By Professor Philip Calder
In a recent blog for Medically Speaking, Michael Head and Jessica Boxall from the Clinical Informatics Research Unit, highlighted that climate change will likely turn global health into our health, making the point that health issues in other geographies may well become relevant to the UK as a result of climate change. They said awareness of global health needs to be raised through our education of medical students. I want to continue the discussion of this theme of global heath.
Global health research is of paramount importance for UK universities for several compelling reasons. It allows academic institutions to contribute to the global fight against disease and inequity and promote the health and wellbeing of populations around the world. By conducting research on global health issues, universities can generate crucial knowledge and insights into diseases, their prevention, and treatment strategies, ultimately benefiting not only individuals but entire communities. Moreover, such research facilitates collaborations and partnerships with international organisations, governments, and academic institutions, enabling UK universities to play a pivotal role in addressing global health challenges as part of a collective ecosystem. Additionally, global health research offers valuable learning opportunities for students, exposing them to diverse healthcare systems, cultural contexts, and research methodologies. This exposure fosters a deeper understanding of health disparities, promotes cultural sensitivity, and equips students with the necessary skills to tackle complex health issues in an increasingly interconnected world. Lastly, investing in global health research enhances the reputation and prestige of UK universities, attracting top-tier researchers, talented students, and funding, while reinforcing the institutions’ commitment to making a meaningful impact on a global scale.
To realise the value of global health research, and building upon the foundations of Professors Marie Louise Newell and Mark Hanson, Professor Shane Norris within the School of Human Development and Health is driving a Global Health Initiative. Shane says: “My current vision is to connect scientists across the Faculty of Medicine, indeed across Faculties, with scientists in Africa to develop global health grants and projects that foster equitable and bidirectional learning. There are excellent partnerships already in place and being developed, but I hope to see these grow and be more inclusive of early career researchers.”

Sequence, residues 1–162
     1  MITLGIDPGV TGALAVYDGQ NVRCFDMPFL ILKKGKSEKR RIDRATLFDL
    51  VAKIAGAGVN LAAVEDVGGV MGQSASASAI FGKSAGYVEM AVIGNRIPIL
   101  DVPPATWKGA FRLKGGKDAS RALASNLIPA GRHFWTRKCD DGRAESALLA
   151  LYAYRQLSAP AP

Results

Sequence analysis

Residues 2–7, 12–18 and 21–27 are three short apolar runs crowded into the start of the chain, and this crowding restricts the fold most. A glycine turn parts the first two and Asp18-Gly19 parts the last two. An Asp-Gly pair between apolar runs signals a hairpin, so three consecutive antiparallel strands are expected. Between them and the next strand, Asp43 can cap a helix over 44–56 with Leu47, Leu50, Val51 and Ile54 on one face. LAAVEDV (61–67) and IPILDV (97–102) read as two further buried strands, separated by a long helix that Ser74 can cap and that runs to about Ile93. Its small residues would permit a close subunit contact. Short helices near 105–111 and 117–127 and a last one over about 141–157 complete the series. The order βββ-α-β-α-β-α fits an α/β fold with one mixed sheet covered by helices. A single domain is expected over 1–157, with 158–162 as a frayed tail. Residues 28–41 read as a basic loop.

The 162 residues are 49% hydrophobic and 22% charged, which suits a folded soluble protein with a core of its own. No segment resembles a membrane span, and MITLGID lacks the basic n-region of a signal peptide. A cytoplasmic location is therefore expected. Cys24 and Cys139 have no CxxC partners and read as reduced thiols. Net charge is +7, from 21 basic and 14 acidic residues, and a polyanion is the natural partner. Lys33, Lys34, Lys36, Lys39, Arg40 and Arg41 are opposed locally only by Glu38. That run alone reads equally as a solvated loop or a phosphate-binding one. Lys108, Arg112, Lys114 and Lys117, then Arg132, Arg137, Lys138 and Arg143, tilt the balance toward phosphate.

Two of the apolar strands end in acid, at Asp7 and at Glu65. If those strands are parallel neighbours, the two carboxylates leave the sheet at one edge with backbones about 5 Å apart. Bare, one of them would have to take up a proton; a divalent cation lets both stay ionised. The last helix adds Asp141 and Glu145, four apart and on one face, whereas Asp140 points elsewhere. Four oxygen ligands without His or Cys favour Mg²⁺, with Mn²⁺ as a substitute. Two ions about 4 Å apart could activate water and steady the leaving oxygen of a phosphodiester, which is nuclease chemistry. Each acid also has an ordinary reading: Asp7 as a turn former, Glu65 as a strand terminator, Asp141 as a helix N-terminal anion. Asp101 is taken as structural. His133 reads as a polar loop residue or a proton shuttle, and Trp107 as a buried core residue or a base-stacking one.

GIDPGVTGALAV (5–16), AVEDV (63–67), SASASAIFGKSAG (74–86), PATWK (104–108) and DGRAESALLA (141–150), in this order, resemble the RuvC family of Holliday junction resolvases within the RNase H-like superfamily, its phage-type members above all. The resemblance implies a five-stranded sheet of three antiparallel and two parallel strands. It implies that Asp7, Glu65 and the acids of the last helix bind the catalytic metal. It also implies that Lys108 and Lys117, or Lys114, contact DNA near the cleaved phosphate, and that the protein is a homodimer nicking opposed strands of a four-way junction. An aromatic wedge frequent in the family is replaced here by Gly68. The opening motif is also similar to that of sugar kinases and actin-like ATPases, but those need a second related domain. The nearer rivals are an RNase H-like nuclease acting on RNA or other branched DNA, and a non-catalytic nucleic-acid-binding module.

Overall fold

Current Global Health Initiative projects encompass adolescent mental health support in Africa, improving health literacy of youth in South Africa, and preconception health interventions in Africa and India to offset intergenerational non-communicable disease risk. For Shane “a key focus in the short-term is to both showcase and engage scientists around global health research at the University of Southampton”. Researchers from across the Schools of Human Development and Health and Primary Care, Population Science and Medical Education, the MRC Lifecourse Epidemiology Centre and the Faculty of Health Sciences have formed a Community of Practice, which aims to expand further across the University and strengthen global health research. A global health symposium is being planned in the new academic year. If you want to find out more about the Global Health Initiative, contact Shane Norris.